The great thing about new versions of SQL Server is the fact that they are packed full of new features but there some that don’t really get talked about much. I found out about a concept called lightweight query execution statistics profiling infrastructure – think of this as a way of capturing your “in-flight” query execution information, I did however encounter an issue which you will see later on.
Microsoft seems to now have 2 different types of statistics profiling infrastructure, a legacy one (which I am very much used to) and the lightweight one.
Legacy statistics profiling infrastructure can be enabled by using the below – pretty common and well used.
- SET STATISTICS XML ON
- SET STATISTICS PROFILE ON
- Query_post_execution_showplan extended event ( I would be careful with this one)
Lightweight statistics profiling infrastructure is available in SQL Server 2014 SP2 and SQL Server 2016 and can be enabled by the below trace flag.
- Globally by using trace flag 7412.
I will activate lightweight profiling via the trace flag and use a system function that is available starting with SQL Server 2016 SP1 called sys.dm_exec_query_statistics_xml which retrieves showplan XML with transient statistics.
DBCC TRACEON (7412, -1); GO --Track your session ID SELECT * FROM sys.dm_exec_query_statistics_xml(53); GO
There is your query plan in XML form, soon as the query finishes the entry goes away.
Again you can build queries however you desire.
DECLARE @WHATSPID INT = 55 SELECT s.program_name,s.login_time,s.database_id,SXML.plan_handle,SXML.Query_plan FROM sys.dm_exec_query_statistics_xml(@WHATSPID) AS SXML JOIN sys.dm_exec_sessions AS S ON SXML.session_id = s.session_id
Here is another query, this time joining onto sys.dm_exec_requests.
DECLARE @WHATSPID INT = 51 SELECT RQ.session_id, RQ.command, RQ.wait_type, RQ.status, RQ.dop, SXML.plan_handle, SXML.Query_plan FROM sys.dm_exec_query_statistics_xml(@WHATSPID) AS SXML JOIN sys.dm_exec_requests AS RQ ON SXML.session_id = RQ.session_id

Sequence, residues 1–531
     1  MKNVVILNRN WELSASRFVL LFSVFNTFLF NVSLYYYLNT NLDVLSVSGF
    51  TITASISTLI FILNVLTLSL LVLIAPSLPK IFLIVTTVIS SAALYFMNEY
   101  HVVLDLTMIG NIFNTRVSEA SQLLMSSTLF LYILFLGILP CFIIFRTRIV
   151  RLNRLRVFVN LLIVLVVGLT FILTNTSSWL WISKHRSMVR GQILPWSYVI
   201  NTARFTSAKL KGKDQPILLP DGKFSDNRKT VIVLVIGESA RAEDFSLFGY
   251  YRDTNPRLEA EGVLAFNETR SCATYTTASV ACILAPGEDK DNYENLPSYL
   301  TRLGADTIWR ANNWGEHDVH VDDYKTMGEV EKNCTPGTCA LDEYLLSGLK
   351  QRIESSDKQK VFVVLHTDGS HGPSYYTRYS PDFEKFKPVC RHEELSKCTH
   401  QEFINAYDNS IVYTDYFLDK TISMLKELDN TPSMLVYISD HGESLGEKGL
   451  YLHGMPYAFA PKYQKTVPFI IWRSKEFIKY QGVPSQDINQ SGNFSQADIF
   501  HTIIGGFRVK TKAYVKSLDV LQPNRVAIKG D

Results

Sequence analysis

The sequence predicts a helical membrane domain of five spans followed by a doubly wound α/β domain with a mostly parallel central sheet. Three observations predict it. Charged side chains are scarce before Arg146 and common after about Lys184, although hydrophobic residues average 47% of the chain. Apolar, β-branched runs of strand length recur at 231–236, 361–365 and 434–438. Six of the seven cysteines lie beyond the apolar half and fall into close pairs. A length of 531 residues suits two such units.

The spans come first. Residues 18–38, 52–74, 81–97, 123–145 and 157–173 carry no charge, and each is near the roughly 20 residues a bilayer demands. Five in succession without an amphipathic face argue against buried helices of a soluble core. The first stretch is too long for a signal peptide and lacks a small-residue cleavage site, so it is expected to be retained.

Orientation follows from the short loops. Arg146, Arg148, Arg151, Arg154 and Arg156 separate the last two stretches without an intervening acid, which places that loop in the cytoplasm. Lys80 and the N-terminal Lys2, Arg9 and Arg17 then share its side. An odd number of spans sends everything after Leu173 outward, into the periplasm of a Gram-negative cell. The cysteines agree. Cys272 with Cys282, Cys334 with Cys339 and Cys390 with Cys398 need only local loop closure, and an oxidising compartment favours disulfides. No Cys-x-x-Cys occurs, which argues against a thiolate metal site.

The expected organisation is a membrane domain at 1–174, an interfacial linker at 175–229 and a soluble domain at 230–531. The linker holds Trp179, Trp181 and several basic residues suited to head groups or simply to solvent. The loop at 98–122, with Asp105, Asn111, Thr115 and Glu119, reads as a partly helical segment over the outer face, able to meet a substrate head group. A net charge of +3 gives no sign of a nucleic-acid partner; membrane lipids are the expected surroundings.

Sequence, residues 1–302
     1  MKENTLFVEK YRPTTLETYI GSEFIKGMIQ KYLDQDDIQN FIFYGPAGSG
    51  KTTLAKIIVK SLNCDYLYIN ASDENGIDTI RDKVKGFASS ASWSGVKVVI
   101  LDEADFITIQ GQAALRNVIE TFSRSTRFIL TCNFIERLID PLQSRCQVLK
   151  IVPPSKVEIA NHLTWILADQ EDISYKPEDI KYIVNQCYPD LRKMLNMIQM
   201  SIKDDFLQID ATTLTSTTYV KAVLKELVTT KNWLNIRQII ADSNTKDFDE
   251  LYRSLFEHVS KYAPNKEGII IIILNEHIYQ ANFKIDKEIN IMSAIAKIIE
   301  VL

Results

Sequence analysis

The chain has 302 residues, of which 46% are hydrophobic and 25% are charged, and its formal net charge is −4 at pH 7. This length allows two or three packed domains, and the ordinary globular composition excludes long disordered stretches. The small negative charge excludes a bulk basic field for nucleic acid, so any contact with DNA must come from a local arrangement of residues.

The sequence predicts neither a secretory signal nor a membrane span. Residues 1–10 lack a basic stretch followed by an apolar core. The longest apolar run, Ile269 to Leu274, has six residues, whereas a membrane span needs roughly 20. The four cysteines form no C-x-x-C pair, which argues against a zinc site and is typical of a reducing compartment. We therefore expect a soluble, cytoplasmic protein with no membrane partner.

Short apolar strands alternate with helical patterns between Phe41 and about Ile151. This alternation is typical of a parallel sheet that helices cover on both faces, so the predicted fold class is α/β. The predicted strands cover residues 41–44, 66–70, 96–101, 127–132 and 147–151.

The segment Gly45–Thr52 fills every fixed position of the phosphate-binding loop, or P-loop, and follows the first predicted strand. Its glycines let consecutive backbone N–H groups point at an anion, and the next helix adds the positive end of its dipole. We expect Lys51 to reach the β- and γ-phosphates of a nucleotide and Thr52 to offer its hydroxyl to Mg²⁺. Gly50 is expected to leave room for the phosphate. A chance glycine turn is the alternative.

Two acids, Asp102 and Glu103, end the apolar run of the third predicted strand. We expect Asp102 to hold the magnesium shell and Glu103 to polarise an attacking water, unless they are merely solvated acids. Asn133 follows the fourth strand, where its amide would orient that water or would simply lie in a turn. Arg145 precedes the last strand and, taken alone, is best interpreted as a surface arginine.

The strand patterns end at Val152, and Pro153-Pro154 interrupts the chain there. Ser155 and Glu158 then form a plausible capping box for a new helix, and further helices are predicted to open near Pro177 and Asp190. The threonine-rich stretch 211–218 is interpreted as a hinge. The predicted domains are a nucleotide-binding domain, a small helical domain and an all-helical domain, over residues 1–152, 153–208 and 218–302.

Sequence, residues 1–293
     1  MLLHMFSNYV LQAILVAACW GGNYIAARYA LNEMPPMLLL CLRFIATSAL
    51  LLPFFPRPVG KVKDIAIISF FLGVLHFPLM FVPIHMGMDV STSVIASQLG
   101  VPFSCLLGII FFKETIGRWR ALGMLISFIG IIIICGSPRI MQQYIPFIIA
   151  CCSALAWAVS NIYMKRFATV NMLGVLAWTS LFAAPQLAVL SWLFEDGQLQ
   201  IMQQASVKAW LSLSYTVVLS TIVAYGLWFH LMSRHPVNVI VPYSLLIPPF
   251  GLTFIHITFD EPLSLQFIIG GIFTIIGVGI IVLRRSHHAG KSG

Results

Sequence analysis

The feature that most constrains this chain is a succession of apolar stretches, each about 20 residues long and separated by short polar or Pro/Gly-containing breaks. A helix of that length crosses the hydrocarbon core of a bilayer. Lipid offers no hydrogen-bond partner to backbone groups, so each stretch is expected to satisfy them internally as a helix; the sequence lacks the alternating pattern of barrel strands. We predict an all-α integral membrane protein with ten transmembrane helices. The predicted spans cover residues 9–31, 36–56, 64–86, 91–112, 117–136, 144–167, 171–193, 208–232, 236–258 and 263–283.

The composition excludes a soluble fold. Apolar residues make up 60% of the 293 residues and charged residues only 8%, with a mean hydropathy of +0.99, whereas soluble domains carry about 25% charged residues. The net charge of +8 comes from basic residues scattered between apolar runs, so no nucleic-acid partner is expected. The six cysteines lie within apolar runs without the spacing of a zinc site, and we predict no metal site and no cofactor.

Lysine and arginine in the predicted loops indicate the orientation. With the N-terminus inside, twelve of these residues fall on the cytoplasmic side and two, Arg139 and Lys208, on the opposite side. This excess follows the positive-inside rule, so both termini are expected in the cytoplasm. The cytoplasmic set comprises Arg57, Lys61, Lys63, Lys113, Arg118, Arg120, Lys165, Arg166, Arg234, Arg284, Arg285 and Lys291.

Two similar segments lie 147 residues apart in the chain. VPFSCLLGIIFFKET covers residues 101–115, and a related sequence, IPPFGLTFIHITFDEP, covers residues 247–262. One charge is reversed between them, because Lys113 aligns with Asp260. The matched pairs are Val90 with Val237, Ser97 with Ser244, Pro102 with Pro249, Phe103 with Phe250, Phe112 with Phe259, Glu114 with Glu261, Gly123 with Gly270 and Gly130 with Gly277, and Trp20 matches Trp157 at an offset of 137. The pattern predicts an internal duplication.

However, when I tried doing multiple joins onto other DMVs I ended up being disconnected from the server with the message: A transport-level error has occurred when receiving results from the server.
I had a huge dump file in my error log:
Snippet: A system assertion check has failed. Check the SQL Server error log for details. Typically, an assertion failure is caused by a software bug or data corruption. SQL Server Assertion: File: , line = 725 Failed Assertion = ‘0’ Should never happen. This error may be timing-related. If the error persists after rerunning the statement, use DBCC CHECKDB to check the database for structural integrity, or restart the server to ensure in-memory data structures are not corrupted.
There is no corruption and I assume this is a bug. I probably need to log a call with Microsoft product support about this as it definitely is not normal.
Assuming you do not get the above error why would you want to go this route?
According to documentation online (https://msdn.microsoft.com/en-us/library/mt791503.aspx) it states that the new query execution statistics profiling infrastructure dramatically reduces performance overhead of collecting per-operator query execution statistics.
Personally, I might hold back until I get further clarity around my errors.